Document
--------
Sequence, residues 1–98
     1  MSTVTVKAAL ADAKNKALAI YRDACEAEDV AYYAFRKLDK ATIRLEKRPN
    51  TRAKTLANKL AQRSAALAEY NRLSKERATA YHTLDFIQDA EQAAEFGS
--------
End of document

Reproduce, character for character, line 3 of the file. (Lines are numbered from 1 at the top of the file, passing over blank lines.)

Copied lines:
    51  TRAKTLANKL AQRSAALAEY NRLSKERATA YHTLDFIQDA EQAAEFGS